WHAT IS AREA 51….
Introduction Area 51 is a military base, and a remote detachment of Edwards Air Force Base. It is located in the southern portion of Nevada in the western United States, 83 miles (133 km) north-northwest of Las Vegas. Situated at its center, on the southern shore of Groom Lake, is a large military airfield. The base's primary purpose is undetermined; however, based on historical evidence, it appears to support development and testing of experimental aircraft and weapons systems.
Overview The Area 51 base lies within the United States Air Force's vast Nevada Test and Training Range (NTTR), formerly called the Nellis Air Force Range (NAFR). Although the facilities at the range are managed by the 99th Air Base Wingat Nellis Air Force Base, the Groom facility appears to be run as an adjunct of the Air Materiel Command Air Force Flight Test Center (AFFTC) at Edwards Air Force Base in the Mojave Desert, around 186 miles (300 km) southwest of Groom, and as such the base is known as Air Force Flight Test Center (Detachment 3). Though the name Area 51 is used in official Central Intelligence Agency (CIA) documentation, other names used for the facility include Dreamland, Paradise Ranch, Home Base, Watertown Strip, Groom Lake, and most recentlyHomey Airport. The area is part of the Nellis Military Operations Area, and the restricted airspace around the field is referred to as (R-4808N), known by the military pilots in the area as "The Box" or "the Container". The facility is not a conventional airbase, as frontline operational units are not normally deployed there. It instead appears to be used for highly classified military/defense Special Access Programs (SAP), which are unacknowledged publicly by the government, military personnel, and defense contractors. Its mission may be to support the development, testing, and training phases for new aircraft weapons systems or research projects. Once these projects have been approved by the United States Air Force or other agencies such as the CIA, and are ready to be announced to the public, operations of the aircraft are then moved to a normal air force base. The intense secrecy surrounding the base, whose very existence the U.S. government did not even acknowledge until 29 September 1995, has made it the frequent subject of conspiracy theories and a central component to unidentified flying object (UFO) folklore. Everything that happens at Area 51 is classified Top Secret/Sensitive Compartmented Information (TS/SCI). This security policy ensures that only those insiders with a "need to know" have access to only the information they require, and ensures that outsiders don't know what they don't know.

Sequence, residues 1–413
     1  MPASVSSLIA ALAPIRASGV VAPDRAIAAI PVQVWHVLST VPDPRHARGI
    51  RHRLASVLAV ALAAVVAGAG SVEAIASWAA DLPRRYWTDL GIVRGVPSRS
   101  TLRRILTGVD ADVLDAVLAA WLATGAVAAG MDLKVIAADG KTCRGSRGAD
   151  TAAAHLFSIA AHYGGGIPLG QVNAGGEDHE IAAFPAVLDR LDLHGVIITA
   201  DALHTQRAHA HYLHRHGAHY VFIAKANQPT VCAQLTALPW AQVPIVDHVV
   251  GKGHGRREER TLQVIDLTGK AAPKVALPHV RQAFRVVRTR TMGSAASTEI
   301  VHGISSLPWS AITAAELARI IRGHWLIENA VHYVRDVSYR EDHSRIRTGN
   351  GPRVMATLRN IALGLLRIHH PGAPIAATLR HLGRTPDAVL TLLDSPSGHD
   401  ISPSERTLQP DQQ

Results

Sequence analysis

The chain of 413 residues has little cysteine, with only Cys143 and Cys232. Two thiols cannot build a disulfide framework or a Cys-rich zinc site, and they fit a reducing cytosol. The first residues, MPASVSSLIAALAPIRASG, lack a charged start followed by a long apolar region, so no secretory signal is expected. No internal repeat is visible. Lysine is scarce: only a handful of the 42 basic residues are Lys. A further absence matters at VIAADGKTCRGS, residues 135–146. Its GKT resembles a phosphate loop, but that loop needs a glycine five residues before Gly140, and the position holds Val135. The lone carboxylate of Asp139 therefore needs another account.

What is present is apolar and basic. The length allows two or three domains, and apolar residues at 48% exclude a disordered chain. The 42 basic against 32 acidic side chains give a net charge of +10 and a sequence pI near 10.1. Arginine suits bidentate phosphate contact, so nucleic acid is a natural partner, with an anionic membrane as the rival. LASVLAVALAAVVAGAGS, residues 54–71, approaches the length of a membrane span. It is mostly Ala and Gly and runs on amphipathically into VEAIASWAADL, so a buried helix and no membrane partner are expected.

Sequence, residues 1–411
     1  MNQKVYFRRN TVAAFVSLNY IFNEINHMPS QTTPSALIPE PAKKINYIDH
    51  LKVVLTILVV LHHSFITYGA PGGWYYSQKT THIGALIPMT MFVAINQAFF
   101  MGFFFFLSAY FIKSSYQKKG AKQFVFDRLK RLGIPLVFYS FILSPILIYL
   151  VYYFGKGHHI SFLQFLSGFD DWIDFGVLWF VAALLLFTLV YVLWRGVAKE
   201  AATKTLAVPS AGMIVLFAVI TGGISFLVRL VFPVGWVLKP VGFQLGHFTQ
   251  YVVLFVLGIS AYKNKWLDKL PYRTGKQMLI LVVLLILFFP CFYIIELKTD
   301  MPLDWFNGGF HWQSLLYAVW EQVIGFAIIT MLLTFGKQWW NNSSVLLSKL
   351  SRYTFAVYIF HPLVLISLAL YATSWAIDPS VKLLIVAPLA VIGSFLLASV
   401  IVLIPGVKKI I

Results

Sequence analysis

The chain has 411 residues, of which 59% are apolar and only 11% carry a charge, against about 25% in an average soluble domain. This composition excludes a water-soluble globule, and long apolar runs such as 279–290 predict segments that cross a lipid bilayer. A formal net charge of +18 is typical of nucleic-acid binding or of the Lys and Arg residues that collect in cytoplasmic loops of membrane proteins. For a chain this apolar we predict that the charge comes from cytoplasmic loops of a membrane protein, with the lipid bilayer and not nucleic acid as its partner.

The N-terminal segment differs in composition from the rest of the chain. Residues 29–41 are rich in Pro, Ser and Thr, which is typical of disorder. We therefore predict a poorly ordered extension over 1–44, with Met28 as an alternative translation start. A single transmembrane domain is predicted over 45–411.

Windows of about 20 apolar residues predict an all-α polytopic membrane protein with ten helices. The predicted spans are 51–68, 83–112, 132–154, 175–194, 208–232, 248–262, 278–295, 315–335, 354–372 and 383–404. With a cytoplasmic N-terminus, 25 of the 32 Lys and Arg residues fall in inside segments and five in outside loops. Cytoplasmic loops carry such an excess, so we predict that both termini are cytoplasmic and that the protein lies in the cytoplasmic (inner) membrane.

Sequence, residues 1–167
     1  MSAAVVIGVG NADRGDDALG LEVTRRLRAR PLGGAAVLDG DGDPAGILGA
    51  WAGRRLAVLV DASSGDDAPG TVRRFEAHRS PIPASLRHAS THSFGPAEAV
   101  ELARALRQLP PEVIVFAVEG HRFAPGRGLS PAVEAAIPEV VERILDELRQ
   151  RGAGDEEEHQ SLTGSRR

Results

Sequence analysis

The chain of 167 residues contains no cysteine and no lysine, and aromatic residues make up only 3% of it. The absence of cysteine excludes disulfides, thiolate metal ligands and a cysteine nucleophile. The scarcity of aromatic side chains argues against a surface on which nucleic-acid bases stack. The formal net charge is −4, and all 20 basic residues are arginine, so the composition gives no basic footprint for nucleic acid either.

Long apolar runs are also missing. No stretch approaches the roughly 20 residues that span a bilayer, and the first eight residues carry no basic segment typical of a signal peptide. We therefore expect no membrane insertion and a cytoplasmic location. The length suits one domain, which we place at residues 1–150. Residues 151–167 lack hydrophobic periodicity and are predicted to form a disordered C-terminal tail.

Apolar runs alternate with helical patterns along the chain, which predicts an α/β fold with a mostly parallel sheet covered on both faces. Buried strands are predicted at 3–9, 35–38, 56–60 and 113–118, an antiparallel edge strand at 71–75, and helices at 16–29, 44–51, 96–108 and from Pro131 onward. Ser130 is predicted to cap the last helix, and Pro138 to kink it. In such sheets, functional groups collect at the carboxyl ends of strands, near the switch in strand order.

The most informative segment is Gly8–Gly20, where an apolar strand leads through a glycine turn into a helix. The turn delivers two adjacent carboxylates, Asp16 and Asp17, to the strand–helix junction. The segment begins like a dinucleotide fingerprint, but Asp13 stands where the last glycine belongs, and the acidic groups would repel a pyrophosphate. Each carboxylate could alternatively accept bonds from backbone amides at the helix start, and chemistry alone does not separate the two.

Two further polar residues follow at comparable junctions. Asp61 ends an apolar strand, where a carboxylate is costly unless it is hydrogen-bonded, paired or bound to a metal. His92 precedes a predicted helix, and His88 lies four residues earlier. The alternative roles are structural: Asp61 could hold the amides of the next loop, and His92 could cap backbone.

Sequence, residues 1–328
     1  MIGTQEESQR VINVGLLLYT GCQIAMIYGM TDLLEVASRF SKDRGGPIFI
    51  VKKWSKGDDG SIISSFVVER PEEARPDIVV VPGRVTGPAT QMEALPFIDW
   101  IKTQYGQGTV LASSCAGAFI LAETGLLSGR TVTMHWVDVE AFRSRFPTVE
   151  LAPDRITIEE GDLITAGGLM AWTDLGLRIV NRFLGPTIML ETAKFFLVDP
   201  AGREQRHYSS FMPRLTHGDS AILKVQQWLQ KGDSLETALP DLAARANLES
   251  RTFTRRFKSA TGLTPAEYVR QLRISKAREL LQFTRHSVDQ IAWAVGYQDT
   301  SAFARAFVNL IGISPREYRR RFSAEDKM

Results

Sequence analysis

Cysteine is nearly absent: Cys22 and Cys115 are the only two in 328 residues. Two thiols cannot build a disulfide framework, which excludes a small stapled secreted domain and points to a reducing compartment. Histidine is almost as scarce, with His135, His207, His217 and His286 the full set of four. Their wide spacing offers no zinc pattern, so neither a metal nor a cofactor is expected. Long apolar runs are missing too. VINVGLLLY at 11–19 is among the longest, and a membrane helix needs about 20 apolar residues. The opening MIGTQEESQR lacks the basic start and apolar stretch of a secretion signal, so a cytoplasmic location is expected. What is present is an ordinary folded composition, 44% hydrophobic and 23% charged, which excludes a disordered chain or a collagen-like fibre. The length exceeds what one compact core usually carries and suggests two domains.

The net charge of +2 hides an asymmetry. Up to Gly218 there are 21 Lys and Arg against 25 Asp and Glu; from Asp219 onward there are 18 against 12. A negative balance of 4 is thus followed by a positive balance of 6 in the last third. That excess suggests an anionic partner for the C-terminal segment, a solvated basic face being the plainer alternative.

U.S. Government’s positions on Area 51. The amount of information the United States government has been willing to provide regarding Area 51 has generally been very minimal. The government explicitly concedes (in various court filings, government directives and replies to inquiries) that the USAF has an "operating location" near Groom Lake, but does not provide any further information. Information on and photos of various past projects have been declassified however and are now available to the public. The base does not appear on public U.S. government maps; the USGS topographic map for the area only shows the long-disused Groom Mine. A civil aviation chart published by the Nevada Department of Transportation shows a large restricted area, but defines it as part of the Nellis restricted airspace. The official aeronautical navigation charts for the area show Groom Lake but omit the airport facilities. Similarly the National Atlas page showing federal lands in Nevada does not distinguish between the Groom block and other parts of the Nellis...
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